Opposition to the 2003 invasion of Iraq and the war that followed was infused with rhetoric about the cost of war. Critics said the tax dollars spent for the military effort were draining the budgets for education, infrastructure maintenance, and health care. More graphically, anti-war activists mounted displays of empty military boots on town commons to remind residents of the men and women, now dead, who once filled those boots—surely a cost of war that was too great.
I was opposed to war in Iraq so I was receptive to just about any discourse that might dissuade lawmakers and their constituents from its continuance. But I also thought it was naïve to think that by just toting-up the dollars and cents spent, and the arms and legs and lives lost, enough people would come to their senses, run to the streets shouting “stop the war”, and the war would end. Indeed, I argued in a 2007 opinion article for The National Catholic Reporter, that the horror of war seemed to be catnip for young men, and the more terrible we make war look, the more attractive it seemed to be. I knew, too, that at the level of the collective unconscious, loss and sacrifice can register as virtue, an equation that inverted the customary cost-benefit line of thinking.
The anti-war movement was, of course, the strongest purveyor of the cost-of-war phrase, a fact with hidden and contradictory political consequences. By the reasoning of that rhetoric, veterans returning as casualties from Iraq and Afghanistan added to the moral currency weighing against the war, a logic that made them more valuable as victims than as allies. It was a logic that ran counter to the history of the Vietnam-War years during which the movement recognized and valued veterans for the combat experience that had empowered and politicized them. It was the Nixonian pro-war pundits, in those years, who portrayed anti-war veterans as psychologically wounded in order to discredit them.
The difficulty that Iraq Veterans Against the War had in getting off the ground was due in no small part to the larger anti-war community’s preference to see returnees as casualties in need of help rather than comrades in the cause for peace. At an IVAW stop on its 2006 “base tour,” Thomas Barton editor of GI Special Newsletter, complained to me that public preoccupation with Post Traumatic Stress Disorder made it harder to organize. “Everywhere we go,” he said, “All people want to talk about is PTSD.” Motioning to his compatriots, he asked, “Do these guys look fucked-up to you?”
The contradictions in the cost-of-war as an anti-war discourse are now evident, as well, in the crisis surrounding the Veterans Administration. While it is unclear how much reality there is in the charges of wait-times and inadequate treatment persisting at some VA facilities (versus those allegations being designed to discredit President Obama), it seems clear that a shortage of doctors coupled with a surge of veterans in need of care is straining the system.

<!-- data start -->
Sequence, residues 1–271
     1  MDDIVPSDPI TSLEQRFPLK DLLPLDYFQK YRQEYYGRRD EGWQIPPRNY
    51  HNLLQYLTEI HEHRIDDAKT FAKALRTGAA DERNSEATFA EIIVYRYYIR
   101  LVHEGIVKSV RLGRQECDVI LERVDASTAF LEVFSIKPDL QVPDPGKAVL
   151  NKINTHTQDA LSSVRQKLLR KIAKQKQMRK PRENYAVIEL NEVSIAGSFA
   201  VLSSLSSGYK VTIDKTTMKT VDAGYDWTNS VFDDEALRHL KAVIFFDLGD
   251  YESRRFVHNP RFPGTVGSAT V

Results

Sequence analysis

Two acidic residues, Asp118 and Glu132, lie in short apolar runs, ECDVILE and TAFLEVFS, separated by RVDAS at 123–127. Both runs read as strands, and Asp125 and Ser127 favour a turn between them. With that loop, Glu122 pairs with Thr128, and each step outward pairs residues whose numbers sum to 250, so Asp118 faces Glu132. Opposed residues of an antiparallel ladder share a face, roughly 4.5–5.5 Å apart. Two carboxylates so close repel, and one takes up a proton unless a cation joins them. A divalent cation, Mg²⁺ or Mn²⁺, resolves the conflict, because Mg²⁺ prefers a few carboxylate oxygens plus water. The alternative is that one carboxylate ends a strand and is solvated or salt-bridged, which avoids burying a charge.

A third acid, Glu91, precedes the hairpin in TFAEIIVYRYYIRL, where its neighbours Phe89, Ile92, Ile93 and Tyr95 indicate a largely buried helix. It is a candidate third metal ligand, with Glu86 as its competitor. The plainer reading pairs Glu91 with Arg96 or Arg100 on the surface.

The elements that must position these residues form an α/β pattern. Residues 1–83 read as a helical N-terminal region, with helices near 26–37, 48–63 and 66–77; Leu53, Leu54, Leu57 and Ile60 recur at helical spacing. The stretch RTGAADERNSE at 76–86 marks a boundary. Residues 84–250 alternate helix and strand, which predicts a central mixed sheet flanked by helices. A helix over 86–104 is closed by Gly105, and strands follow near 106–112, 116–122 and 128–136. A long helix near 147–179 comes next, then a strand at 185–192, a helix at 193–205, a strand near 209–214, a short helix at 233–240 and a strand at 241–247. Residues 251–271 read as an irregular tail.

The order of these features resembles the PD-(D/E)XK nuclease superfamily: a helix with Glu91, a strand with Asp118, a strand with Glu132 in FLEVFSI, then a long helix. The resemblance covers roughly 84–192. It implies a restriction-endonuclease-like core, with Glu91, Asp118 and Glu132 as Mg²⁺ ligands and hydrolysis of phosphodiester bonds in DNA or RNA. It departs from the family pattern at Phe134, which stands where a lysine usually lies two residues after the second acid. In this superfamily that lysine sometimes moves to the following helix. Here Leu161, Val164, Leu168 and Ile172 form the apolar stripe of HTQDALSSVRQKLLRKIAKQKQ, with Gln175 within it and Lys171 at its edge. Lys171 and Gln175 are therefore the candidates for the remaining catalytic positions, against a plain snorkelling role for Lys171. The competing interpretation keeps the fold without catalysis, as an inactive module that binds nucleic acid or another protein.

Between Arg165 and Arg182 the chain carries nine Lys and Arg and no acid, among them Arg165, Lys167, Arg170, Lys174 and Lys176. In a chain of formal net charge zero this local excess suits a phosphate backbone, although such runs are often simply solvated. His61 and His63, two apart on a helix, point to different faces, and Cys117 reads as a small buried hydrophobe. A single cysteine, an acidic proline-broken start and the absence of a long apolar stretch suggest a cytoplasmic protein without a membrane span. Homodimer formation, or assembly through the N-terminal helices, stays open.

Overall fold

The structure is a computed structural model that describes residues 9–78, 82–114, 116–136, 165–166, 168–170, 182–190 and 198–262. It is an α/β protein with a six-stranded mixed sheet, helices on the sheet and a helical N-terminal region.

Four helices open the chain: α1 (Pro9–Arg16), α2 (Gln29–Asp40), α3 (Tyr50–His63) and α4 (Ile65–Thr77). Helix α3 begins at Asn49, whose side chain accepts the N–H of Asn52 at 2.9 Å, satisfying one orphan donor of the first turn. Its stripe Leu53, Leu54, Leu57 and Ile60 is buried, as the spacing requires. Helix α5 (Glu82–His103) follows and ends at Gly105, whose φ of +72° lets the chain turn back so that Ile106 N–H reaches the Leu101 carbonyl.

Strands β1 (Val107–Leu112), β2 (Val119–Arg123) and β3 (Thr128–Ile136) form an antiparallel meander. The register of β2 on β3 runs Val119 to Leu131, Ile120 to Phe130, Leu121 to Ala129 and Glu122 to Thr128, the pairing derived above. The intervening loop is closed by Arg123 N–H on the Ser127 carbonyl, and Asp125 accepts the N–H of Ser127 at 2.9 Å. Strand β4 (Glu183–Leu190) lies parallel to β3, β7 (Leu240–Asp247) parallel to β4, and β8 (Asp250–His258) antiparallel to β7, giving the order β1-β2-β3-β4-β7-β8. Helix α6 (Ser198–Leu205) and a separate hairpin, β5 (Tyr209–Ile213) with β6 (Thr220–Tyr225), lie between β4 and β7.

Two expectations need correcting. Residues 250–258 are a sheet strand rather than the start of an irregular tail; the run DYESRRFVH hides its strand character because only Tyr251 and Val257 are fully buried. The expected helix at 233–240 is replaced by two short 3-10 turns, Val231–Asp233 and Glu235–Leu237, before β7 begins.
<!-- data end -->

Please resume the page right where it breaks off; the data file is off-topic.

What isn’t so widely acknowledged, however, is that a huge portion of that surge in demand is for mental health treatment: about 25% of the VA’s recent net increase of 1.5 million patients seek treatment for PTSD and Traumatic Brain Injury (TBI), according to figures provided to The New York Times by Senator Bernie Sander’s office.
The etymologies of PTSD and TBI being the admixtures of medical, psychological, and cultural ingredients that they are, it might seem unfair to say that the stress on the VA is due to the trauma-hyping by the anti-war movement. But British soldiers returned from Iraq with one-fourth the PTSD rate of Americans, a difference that Lori Grinker, writing for the Ochberg Society for Trauma Journalism, attributes to, “American soldiers returning to a society that expects them to be psychologically wounded.’’ Those expectations, it should be clear, evolved out of the four decades since the end of the war in Vietnam during which the notions of PTSD and TBI gestated in the overlapping spaces of anti-war activism, mental-health science, pharmaceutical funding, popular culture, and journalism.
In the end, the cost-of-war rhetoric intended to turn the public against war in the Middle East got so twisted in the motivations and expectations surrounding the conflicts that its effect is hard to assess. What seems clear is that the crisis of overload now facing the Veterans Administration is exacerbated by the PTSD/TBI cases swelling the demand for service, and that the number of those cases is itself a function of expectations—the societal expectation that soldiers come home mentally or emotionally damaged, and veterans’ awareness of those expectations and desire to meet them.
The political tragedy playing out is that the cost-of-war argument emanating from liberal-left anti-war circles has helped set the table at which neoliberal strategists now feed. The privatization of the VA which they seek would be a disaster for veterans and one more blow to the sense of the collective good already tattered by attacks on public schools, health care, and housing.
Recognizing the predicament we’re in and how we got here is an essential first task in crafting a counter-strategy to the privatizers. An introspective response that acknowledges the overreach inherent in counting all combat experience as traumatic—an “unseen wound” eligible for VA care and Purple Heart status—could relieve the VA of political risk it didn’t ask for, without abandoning long-standing commitments to veterans.
Jerry Lembcke is Associate Professor Emeritus of Sociology at College of the Holy Cross in Worcester, Mass. He is the author of The Spitting Image: Myth, Memory and the Legacy of Vietnam and Hanoi Jane: War, Sex, and Fantasies of Betrayal. His newest book is PTSD: Diagnosis or Identity in Post-empire America? He can be reached at firstname.lastname@example.org.